The Main Symptoms of an Eating Disorder
Anorexia nervosa is classified as a severe mental illness characterized by a significant reduction in energy intake, resulting in weight loss (Stockford et al., 2018). It is an eating disorder that consists of physical and mental symptoms caused by starvation (Föcker, Knoll, & Hebebrand, 2013). It is more prominent in women, with an estimate of 94% of those diagnosed with Anorexia nervosa being female and 6% of those being male (Föcker et al., 2013). The severity of Anorexia Nervosa along with other eating disorders is often undermined in society today. Yet, this specific mental disorder has the highest mortality rate among all psychiatric illnesses, as it can result in medical complications which can be life-threatening (Moskowitz, & Weiselberg, 2017). And while many seek treatment, this specific mental disorder holds an exceptionally high relapse rate at 35% of treated patients (Gorwood, Blanchet-Collet, Chartrel, Duclos, Dechelotte, Hanachi, & Epelbaum, 2016).
Anorexia nervosa (AN) is a diagnostic term that means neurotic loss of appetite in greek (Moskowitz, & Weiselberg, 2017). The DSM-5 criteria for diagnosis states the individual must display persistent restriction of caloric intake leading to significantly low body weight along with have an intense fear of gaining weight and a disturbance of the way an individual perceives their body. (American Psychiatric Association, 2013). It is a serious mental illness that more prominent in women, with an estimate of 94% of those diagnosed with Anorexia nervosa being female and 6% of those being male (Föcker et al., 2013). It affects one in 200 American women and affects almost 5% of all college women in the United States, while effecting men as well in smaller rates (Sidiropoulos, 2007). Anorexia nervosa also has the highest mortality rate among all psychiatric illnesses, This is due to the fact that it can result in significant psychopathology along with life-threatening medical issues (Moskowitz, & Weiselberg, 2017). This is due to its symptoms associated with starvation.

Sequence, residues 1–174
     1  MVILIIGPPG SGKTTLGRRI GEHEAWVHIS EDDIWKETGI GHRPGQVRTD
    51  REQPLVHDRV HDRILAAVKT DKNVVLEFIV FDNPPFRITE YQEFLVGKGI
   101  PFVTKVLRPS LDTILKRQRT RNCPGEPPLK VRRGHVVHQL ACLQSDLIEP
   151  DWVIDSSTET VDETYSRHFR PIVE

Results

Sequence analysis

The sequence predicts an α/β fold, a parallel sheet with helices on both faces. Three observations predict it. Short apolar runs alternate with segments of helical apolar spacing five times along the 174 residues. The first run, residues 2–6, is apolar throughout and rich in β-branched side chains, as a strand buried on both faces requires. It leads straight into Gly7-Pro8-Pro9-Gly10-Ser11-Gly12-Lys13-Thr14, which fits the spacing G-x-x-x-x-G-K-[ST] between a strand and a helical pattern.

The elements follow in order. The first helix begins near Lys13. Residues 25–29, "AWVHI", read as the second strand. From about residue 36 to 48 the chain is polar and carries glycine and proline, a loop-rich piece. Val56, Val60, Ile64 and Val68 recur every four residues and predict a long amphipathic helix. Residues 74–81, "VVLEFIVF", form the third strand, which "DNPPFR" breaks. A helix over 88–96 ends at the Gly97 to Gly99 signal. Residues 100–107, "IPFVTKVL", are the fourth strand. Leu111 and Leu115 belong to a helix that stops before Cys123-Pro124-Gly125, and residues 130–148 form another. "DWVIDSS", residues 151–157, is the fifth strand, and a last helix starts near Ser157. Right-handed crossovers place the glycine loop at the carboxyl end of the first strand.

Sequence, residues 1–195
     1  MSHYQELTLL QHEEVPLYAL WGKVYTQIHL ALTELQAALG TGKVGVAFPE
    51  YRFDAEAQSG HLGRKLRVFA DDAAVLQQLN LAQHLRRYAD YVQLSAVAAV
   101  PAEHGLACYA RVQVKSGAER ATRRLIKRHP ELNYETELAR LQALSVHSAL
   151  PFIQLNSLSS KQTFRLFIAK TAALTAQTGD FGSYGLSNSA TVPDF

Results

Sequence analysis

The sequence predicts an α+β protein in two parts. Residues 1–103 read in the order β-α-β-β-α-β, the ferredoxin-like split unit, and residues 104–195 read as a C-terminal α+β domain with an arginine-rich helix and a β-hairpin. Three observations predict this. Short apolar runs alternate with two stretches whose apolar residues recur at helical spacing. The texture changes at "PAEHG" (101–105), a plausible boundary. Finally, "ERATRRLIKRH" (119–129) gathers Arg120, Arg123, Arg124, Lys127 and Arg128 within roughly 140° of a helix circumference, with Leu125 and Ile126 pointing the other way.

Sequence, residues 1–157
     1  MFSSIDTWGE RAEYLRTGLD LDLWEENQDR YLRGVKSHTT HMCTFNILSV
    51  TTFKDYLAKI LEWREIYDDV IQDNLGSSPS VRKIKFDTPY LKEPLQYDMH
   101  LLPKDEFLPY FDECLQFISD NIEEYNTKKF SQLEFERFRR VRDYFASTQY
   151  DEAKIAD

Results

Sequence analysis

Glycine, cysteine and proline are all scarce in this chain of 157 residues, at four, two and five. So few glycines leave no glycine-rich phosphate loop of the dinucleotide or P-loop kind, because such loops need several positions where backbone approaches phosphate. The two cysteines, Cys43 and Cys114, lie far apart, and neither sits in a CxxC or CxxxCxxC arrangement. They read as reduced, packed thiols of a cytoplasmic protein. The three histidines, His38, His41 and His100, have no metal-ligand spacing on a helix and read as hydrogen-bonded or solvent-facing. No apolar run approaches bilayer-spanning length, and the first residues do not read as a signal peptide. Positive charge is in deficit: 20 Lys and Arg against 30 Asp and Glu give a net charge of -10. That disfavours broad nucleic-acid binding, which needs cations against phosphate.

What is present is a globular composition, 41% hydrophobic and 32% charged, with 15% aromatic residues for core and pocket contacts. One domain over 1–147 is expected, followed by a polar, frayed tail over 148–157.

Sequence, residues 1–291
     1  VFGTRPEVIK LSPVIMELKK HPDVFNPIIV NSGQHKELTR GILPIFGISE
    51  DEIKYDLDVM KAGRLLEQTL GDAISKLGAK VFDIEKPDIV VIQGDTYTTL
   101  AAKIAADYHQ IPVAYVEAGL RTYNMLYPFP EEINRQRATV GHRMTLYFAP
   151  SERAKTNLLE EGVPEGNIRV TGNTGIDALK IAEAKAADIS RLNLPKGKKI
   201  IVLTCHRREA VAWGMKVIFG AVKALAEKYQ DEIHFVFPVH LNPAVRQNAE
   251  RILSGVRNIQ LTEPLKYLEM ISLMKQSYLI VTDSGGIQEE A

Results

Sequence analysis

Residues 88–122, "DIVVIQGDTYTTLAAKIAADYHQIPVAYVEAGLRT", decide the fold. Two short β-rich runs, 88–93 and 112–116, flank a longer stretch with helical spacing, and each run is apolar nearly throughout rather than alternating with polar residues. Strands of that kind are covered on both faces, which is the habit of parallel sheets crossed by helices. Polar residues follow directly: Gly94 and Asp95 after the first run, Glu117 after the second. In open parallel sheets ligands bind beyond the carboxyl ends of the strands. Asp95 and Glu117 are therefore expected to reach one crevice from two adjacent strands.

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There are now two subcategories of Anorexia Nervosa which include the diagnosis of Anorexia Nervosa versus the diagnosis of Atypical Anorexia Nervosa. Anorexia Nervosa also has two different types, which include restrictive type and binge eating and purging type.(Moskowitz, & Weiselberg, 2017). Restrictive type is classified as meeting the diagnosis of anorexia while using a restrictive food intake technique, often along with excessive exercise, to keep a below average body weight (Moskowitz, & Weiselberg, 2017). Binge eating and purging type of anorexia is also maintaining a below average body weight, but through the means of binge eating and then purging the body. This is when someone consumes a mass amount of calories in one sitting, oftentimes up to a thousand calories, in a binge, then instantly ridding the body of their food intake after, which is the purging aspect. A purge can include self- induced vomiting, or misuse of laxatives, enemas, or diuretics (Moskowitz, & Weiselberg, 2017).
These are the multiple aspects of Anorexia Nervosa. With Atypical Anorexia nervosa, the same principles apply with behavior, however the difference is the weight of the patient. This category includes those close to meeting the 85% IBW cutoff for AN, and others with binge-eating disorders who were morbidly obese to begin with (Moskowitz, & Weiselberg, 2017). While the 85% below IBW cutoff was later revokes in the DSM-5, the diagnosis still stays relevant for those who are morbidly obese and are not significantly below weight, yet show unhealthy behaviors in food intake that are classified under Anorexia Nervosa (Föcker et al., 2013). These broad diagnosis guidelines are used to better treat patients and to give them better access to help in our health care system.